Between the Renaissance and the Enlightenment, European scholars and writers liked to view themselves as citizens of what they called the "commonwealth of learning" or the "republic of letters". But what did Erasmus, say, or Voltaire mean when they used such a phrase? Did the political metaphor have practical consequences? Was it a reality as well as an ideal, and if so, what kind of a reality was it?
In the past few years scholars from a number of different countries have been joining forces to investigate these problems. Anne Goldgar's lively case study, which concentrates on England, France, and the Netherlands between 1680 and 1750 and is based on the unpublished letters of a network of scholars, differs from its predecessors in its emphasis on the twin themes of conduct and community. Her concern is to write a social history or community study of the republic, identifying the laws or at least the etiquette of a society which was clearly hierarchical, despite frequent claims to be egalitarian. Her focus is on the "civility" expected from scholars who claimed also to be gentlemen, since female scholars were rare.
Civility, in the case of scholars, included mutual help, the exchange of information, the gift of books, and an impartiality of judgement that often conflicted with religious and political allegiances. Gilbert Burnet's controversies with his French colleagues over his History of the Reformation read like a continuation of the wars with Louis XIV, even if that monarch seems to have been tempted by a vision of himself as a head of the French church in the style of Henry VIII.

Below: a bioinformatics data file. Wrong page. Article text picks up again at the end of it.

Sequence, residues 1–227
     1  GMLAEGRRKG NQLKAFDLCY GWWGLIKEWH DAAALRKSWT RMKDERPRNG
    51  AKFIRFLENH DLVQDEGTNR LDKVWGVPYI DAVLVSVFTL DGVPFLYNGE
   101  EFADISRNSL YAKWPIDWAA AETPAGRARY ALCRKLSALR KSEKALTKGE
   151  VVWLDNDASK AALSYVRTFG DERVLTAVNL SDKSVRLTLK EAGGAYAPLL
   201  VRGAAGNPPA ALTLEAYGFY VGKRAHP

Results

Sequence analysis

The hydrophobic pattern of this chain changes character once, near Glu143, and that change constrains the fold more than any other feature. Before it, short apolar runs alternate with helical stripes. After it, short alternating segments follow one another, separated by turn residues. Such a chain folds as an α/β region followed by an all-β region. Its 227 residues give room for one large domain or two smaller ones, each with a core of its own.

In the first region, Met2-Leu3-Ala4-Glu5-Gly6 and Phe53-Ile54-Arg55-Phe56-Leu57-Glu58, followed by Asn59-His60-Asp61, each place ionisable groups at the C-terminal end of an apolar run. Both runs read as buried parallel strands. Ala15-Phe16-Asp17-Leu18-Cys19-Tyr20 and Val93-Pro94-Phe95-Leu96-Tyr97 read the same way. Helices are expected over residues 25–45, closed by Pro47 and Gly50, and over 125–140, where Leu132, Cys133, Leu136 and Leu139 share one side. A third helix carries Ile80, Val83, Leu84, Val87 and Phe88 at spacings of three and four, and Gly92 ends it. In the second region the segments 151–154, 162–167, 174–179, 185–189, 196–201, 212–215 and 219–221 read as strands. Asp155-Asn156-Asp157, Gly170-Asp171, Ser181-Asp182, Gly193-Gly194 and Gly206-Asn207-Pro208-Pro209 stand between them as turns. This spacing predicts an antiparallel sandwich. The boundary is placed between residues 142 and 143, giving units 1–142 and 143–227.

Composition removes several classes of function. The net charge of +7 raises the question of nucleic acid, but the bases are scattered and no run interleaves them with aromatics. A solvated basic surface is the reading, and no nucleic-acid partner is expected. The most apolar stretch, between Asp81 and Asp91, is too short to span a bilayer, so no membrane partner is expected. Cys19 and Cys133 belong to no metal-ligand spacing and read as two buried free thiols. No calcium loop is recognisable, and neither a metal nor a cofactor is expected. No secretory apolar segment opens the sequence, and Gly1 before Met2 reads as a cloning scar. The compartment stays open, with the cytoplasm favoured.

Goldgar's central argument is that her period witnessed major changes in the structure of the republic, changes in professionalisation, institutionalisation, and commercialisation. One of her examples is the rise of the literary agent; another the rise of the literary or learned journal. The big fish continued to receive visits from the small and information was still exchanged by letter, but these personal contacts were increasingly supplemented by print. The new journals were relatively unspecialised, concerned with the latest "news of the republic of letters", and filled with book reviews - a new literary genre invented to allow scholars to find what they wanted among the ever-increasing heaps of new publications.
The new genre did not please everyone. According to one critic, the typical book reviewer "copies the title I takes a few items from the preface; and taking on opening the volume the first things he sees, he judges on these scraps the merit of a work with as much assurance as if he had read it several times". According to another critic, writing in 1698, reviews meant the decline of culture because they encouraged people to read summaries of books in place of the originals. Pierre-Daniel Huet would doubtless be shocked to learn that the book review is still alive and well 300 years later in the pages of The THES and elsewhere.
Peter Burke is reader in cultural history, University of Cambridge.
Impolite Learning: Conduct and Community in the Republic of Letters, 1680-1750
Author - Anne Goldgar
ISBN - 0 300 05359 2
Publisher - Yale University Press
Price - £25.00
Pages - 395